Relational Aggression

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Relational Aggression
School Safety Survey Year 1 Findings
Relational aggression is harming others through purposeful manipulation and damage of their peer relationships (Crick & Grotpeter, 1995, p. 711).
Relational aggression is also known as social aggression and the perpetrators are often called "mean girls."
A survey was conducted of 447 high school students were asked if they had experienced bullying in the form of relational aggression in the past 6 months. 51.5% had been a target of relational aggression and 41.9% had been a perpetrator.   Perpetration and victimization were correlated at r = .50, thus approximately half of those reporting experiencing relational aggression were bully-victims (i.e., both perpetrator and victim).
Victim (51.6%)
Not a Victim (48.4%)
Male Victims
Female Victims
Not Just Mean Girls
Male Perpetrators
Female Perpetrators
Contrary to popular perceptions of relational aggression being "how girls aggress," male and female students were just as likely to report both perpetration and victimization.
Those targeted by relational aggression also experience:
Those engaging in relational aggression also engage in:
Just Relational Aggression?
Thus there was significant overlap with verbal harassment, but otherwise relational aggression can occur independently of other types of victimization and perpetration.
Who Engages in Relational Aggression?
42% experienced relational aggression from more than one perpetrator, typically 2-3.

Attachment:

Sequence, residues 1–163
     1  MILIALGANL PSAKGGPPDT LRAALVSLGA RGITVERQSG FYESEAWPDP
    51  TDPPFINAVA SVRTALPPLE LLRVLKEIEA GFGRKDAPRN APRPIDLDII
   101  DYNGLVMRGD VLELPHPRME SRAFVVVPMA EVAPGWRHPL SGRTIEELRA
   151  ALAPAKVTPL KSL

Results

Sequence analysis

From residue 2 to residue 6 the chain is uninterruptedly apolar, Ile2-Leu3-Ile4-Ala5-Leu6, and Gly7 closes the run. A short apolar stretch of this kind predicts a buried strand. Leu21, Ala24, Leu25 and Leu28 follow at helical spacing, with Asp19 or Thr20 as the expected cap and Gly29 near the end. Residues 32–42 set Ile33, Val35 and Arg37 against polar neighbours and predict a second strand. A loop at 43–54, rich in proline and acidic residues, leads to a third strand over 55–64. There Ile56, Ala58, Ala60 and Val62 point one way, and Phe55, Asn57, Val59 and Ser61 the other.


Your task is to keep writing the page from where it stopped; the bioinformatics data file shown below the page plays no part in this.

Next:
45% of victims identified their aggressor as someone they had considered a friend.
56% of those victimized felt they were targeted by a group.
62% felt targeted because of a group they belonged to.
51.5% victims & perpetrators belonged to the same social group.
Relational aggression is different from physical or verbal bullying because it often happens within peer groups - even among friends - rather than between groups.
Responses to Relational Aggression
Overall, victims responded more by internalizing (feeling hurt) than externalizing (causing hurt). Those targeted by "friends" were more likely to seek pro-social solutions to bullying (i.e. trying to maintain the friendship) than anti-social. But if the relational aggression occurred between "cliques" instead of within, then retaliation became more likely.
Crick, N. R., & Grotpeter, J. K. (1995). Relational aggression, gender, and social-psychological adjustment. Child development, 710-722.
Results from Year One of the School Safety Survey conducted by the Social Relations Collaborative at Mississippi State University ( and funded by the National Institute of Justice School Safety Initiative.
Social Relations Collaborative